With the Maryland General Assembly convening this week for its 439th session, the Baltimore Jewish Council, an agency of The Associated: Jewish Federation of Baltimore, held a legislative preview last week with two local lawmakers. The organization also highlighted the BJC’s legislative priorities for the 2019 90-day session, which began Wednesday and runs through April 8.
State Sen. Bobby Zirkin (D-District 11) was on hand for the event, along with 11th District Del. Shelly Hettleman and Baltimore County Councilman Izzy Patoka (D-District 2). The BJC’s deputy director Sarah Mersky outlined the organization’s funding and policy priorities for this session.
Yehuda Neuberger, president of the BJC, said the community is “blessed to have many members of our community in the General Assembly,” including Zirkin, the Senate’s senior standing committee chair.
Zirkin said there were a surprising number of turnovers of chairs and vice chairs on Senate standing committees, including new chairs and vice chairs for Budget and Taxation; Education, Health and Environmental Affairs; and the Finance committee. He remains chair of Judicial Proceedings, where he said with a number of new committee members, it’s a wait-and-see proposition on how new members will vote on legislation.
Coming up this session, Zirkin said an analysis of the state’s Department of Juvenile Services may be in the works, similar to a 2015 analysis of the state’s criminal justice system that produced comprehensive legislation in 2016 called the Justice Reinvestment Act. The Pew Charitable Trusts helped with data analysis for that study.
“We are talking about, with the governor’s office as well as House leadership, bringing in another organization called the Council of State Governments to come in and do a data analysis of our DJS system and do that type of holistic approach,” Zirkin said. “Where we look at what’s working, what’s not working and shift to strategies that work. That bill is in the works. That’s going to be significant.”
Other legislation Zirkin said will be coming through Judicial Proceedings includes prison entry and re-entry services to try to reduce recidivism, medical marijuana policies, an update to cyberbullying laws, a proposal for a Johns Hopkins University campus police force and modifications to gun laws to keep guns from volatile individuals.
How the Pikesville Armory will be re-purposed and Stevenson University’s take-over of the adjacent former Rosewood Hospital Center property are two local issues Zirkin said will be moving forward this session.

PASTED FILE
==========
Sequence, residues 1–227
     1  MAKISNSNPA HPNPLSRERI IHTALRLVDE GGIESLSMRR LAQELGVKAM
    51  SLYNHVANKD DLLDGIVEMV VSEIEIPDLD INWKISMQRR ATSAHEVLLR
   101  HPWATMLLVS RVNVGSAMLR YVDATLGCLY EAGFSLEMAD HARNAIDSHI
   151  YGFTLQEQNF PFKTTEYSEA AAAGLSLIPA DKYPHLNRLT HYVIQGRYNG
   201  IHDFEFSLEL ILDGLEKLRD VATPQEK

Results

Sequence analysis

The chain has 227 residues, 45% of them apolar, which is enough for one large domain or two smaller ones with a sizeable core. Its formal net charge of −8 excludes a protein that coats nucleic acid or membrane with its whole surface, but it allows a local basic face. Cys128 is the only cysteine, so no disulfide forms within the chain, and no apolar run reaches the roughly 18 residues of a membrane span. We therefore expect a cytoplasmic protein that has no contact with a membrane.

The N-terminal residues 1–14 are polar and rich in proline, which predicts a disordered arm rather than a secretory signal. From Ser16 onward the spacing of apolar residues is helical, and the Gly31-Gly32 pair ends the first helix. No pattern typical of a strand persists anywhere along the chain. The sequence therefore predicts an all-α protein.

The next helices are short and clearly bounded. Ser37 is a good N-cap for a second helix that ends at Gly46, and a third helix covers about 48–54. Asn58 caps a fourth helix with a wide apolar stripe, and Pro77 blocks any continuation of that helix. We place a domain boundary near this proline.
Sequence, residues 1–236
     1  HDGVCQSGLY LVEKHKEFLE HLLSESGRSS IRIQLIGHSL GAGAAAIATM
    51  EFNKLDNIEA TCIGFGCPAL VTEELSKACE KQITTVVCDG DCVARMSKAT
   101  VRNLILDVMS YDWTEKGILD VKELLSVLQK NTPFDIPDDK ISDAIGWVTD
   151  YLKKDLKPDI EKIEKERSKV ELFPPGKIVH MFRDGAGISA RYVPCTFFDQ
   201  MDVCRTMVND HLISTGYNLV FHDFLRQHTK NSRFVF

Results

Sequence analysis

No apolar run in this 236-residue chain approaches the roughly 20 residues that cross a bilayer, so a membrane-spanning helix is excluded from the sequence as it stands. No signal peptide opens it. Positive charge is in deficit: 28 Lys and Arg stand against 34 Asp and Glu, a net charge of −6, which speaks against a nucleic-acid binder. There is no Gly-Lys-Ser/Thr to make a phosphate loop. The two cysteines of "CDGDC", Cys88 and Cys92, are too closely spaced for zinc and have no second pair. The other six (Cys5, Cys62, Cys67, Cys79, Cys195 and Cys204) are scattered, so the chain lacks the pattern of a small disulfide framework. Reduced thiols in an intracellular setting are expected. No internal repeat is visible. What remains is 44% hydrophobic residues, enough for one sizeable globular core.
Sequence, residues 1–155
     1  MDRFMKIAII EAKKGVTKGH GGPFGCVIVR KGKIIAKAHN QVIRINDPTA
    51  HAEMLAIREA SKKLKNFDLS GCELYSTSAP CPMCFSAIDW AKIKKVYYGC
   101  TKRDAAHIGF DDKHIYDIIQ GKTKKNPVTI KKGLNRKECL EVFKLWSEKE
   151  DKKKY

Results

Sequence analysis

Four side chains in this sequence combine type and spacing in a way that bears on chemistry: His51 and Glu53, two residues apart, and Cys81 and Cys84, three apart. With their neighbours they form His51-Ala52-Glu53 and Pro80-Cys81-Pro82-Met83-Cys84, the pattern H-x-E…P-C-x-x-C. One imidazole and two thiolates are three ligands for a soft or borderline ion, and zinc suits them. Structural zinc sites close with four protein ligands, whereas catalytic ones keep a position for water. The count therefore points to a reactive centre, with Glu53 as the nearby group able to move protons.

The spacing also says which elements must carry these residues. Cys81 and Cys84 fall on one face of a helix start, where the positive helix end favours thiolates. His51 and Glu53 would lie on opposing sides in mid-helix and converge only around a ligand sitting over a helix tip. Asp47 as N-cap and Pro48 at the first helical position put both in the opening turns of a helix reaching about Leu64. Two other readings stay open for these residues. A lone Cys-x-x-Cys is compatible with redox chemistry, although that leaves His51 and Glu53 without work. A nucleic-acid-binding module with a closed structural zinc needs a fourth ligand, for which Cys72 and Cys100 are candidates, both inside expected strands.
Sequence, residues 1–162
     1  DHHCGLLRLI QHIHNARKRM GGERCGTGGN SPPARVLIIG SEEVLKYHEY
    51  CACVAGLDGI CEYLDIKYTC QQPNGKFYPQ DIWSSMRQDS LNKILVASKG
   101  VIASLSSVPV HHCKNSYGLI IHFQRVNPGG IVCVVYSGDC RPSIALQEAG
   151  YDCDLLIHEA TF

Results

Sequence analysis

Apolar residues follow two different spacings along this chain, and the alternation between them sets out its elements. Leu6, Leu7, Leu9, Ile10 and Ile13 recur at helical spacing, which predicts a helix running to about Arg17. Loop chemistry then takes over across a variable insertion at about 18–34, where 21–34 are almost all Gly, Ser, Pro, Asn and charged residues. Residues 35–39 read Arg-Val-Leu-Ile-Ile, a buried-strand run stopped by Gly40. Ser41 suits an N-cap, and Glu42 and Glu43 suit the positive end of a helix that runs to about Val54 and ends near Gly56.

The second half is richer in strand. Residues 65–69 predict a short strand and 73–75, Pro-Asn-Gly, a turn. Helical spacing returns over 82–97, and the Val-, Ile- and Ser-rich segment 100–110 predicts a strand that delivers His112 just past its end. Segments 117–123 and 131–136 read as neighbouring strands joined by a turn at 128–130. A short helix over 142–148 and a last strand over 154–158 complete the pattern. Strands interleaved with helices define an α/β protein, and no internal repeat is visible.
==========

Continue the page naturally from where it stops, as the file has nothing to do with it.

“That has been going on for some time,” Zirkin said of the Stevenson property expansion. “Most of the buildings are now down and they are going to be starting construction on ball fields and so forth fairly soon.”
Mersky described the BJC’s focus on budget and policy issues at the state level, as well as seeking federal dollars through Maryland’s federal delegation.
“What do you think a Jewish issue is?” Mersky asked attendees. “It can be something specific to our Jewish community, to world Jewry, but also issues because of our heritage, whether it’s immigration, whether it’s hate, all of those things come into how we make our policies.”
The BJC’s policy priorities for 2019 include helping seniors age in place, reducing elder abuse, continuing and expanding Holocaust education, expanding hate crimes laws and reducing impact on the environment.
Associated Agency Capital Budget priorities include funding for the Hillel Student Center at College Park and the Community Primary and Specialty Care Building at Sinai Hospital of Baltimore. Operating budget priorities include funding for the LifeBridge Health Diabetes Medical Home Extender Program; SAFE Elder Abuse Program; Supportive Community Network: Empowering Older Adults to Thrive in Supportive Communities; Maryland Israel Development Center (MIDC) and Holocaust Survivor Aging-in-Place Funds.
Other funding priorities focus on the Nonpublic Aging Schools Program including security upgrades; textbooks and technology for nonpublic schools and preschools; security infrastructure upgrades and personnel for schools and childcare centers at risk of hate crimes; the BOOST Scholarship program and security for synagogues.
Hettleman said she was excited about the new Democratic leadership sworn in recently at the U.S. Congress and that Rep. Nancy Pelosi would continue as Speaker of the House.
“It’s going to be a good thing for this country and the community,” she said.
Likewise, she expects a lot of “new colleagues” in the General Assembly this session. She is a member of the House Appropriations Committee, on which she has served previously on the Education and Economic Development subcommittee.
Hettleman has been working with CHANA staff and its elder abuse program on legislation to create a statewide structure for elder advocates to work collaboratively on ideas to tackle the growing issue of elder abuse. One in 10 older adults is abused, according to research, Hettleman said.
“We’re learning about what’s happening in New York and there’s been legislation in Nevada and Wisconsin and hopefully we’ll be working with our attorney general’s office to create this framework,” she said.
Hettleman will also be working on legislation for better student education on debt in higher education, including at for-profit and career schools.
She plans to reintroduce legislation on rape kit testing.
“It’s a resource issue. We took care of the issue of making sure kits weren’t destroyed,” Hettleman said. “Now we want to make sure that we can make connections to get folks who are doing these crimes off the streets.”
Patoka will be representing Baltimore County in Annapolis as the council’s representative to the Maryland Association of Counties.